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Two central questions are at the core of international legal theory: 'What is international law?', and 'Is international law really law?' This volume examines these critical questions and the philosophical foundations of modern international law using the tools of Anglo-American legal theory and western political thought. Engaging with both contemporary and historical legal theory and with an analysis of international law in action, the book builds an understanding and theory of law from the perspective of those who actually use this legal system and understand it, rather than constructing an artificial system from the standpoint of political scientists and moral philosophers. Law at the Vanishing Point provides a fascinating new challenge to those who reduce international law either to ethics or to politics and provides a critical new appraisal of its power as an independent force in human social relations.

The Politics Of Victimhood In Post Conflict Societies

Author: Vincent Druliolle
Publisher: Springer
ISBN: 3319702025
Size: 26.33 MB
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This volume sheds new light upon the role of victims in the aftermath of violence. Victims are central actors in transitional justice, the politics of memory and conflict resolution, yet the analysis of their mobilisation and political influence in these processes has been neglected. After introducing and explaining the reasons for this limited interest, the book’s chapters focus on a range of settings and draw on different disciplines to offer insights into the interrelated themes of victimhood – victims, their individual and collective identities, and their role in and impact upon post-conflict societies – and the politics of victimhood – meaning how victimhood is defined, negotiated and contested, both socially and politically. Because it outlines a stimulating research agenda and challenges the view that victims are passive or apolitical, this interdisciplinary volume is a significant contribution to the literature and will be of interest to scholars from disciplines such as law, anthropology, political science, human rights, international studies, and to practitioners.

The Special Tribunal For Lebanon

Author: Amal Alamuddin
Publisher: OUP Oxford
ISBN: 0191511161
Size: 50.71 MB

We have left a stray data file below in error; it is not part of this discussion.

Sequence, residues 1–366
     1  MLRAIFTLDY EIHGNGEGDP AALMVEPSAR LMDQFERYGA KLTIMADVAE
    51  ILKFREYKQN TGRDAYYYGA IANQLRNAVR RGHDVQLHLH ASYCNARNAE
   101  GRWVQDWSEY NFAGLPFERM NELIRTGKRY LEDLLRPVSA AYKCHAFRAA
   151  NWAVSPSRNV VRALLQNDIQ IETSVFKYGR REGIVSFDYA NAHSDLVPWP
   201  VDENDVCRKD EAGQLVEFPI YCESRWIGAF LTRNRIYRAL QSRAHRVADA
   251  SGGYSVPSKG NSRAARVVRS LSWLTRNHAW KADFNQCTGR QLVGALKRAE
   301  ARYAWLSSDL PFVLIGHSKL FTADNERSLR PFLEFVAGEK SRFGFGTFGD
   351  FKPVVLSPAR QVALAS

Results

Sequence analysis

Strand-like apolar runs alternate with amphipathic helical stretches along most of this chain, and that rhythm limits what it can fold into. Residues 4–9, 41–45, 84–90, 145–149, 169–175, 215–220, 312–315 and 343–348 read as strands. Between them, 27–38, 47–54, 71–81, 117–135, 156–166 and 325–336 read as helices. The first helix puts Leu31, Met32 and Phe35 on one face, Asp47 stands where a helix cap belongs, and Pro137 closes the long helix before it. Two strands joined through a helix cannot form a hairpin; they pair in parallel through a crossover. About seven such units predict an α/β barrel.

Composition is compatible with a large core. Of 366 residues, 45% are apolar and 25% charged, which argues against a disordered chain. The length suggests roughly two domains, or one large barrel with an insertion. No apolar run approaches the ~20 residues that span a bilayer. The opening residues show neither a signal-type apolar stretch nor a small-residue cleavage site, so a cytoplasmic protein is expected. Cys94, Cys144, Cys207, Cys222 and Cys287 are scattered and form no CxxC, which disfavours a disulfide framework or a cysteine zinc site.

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This book provides a full analytical overview of the establishment and functioning of the Special Tribunal for Lebanon, the newest and most controversial of the UN-sponsored international criminal courts. In 2005, Lebanese Prime Minister Rafic Hariri was assassinated in a huge blast that reverberated across Lebanon and the region. The Tribunal was established with a mandate to try the perpetrators of the Hariri killing, as well as those responsible for other killings that are 'connected' to this core crime. Individuals associated with the Hezbollah group have been indicted to be tried in the court in The Hague-but in their absence as their locations are unknown. The Tribunal is the UN's first attempt at addressing terrorism in an international criminal court, and the first attempt to set up international trials following crimes committed in the Middle East region. The court's narrow mandate and unique procedures have led many to question what kind of precedent it will set in a volatile region. This book looks at how the court was established, its foundational principles based on the Statute of the International Criminal Court and Lebanese domestic law, and the possible further development of its case law. It provides an authoritative guide to the procedure of the Tribunal,the status of the Registry, the rights of suspects and accused, trials in absentia, and the regulation of the conduct of counsel, drawing on comparisons to other international courts. The authors include those involved in setting up the court, prosecutors, defence counsel for the suspects, as well as judges and academic commentators who are experts on the issues covered in the book. They provide a probing insight into how the Tribunal came into being, its challenges, controversies, and its achievements to date.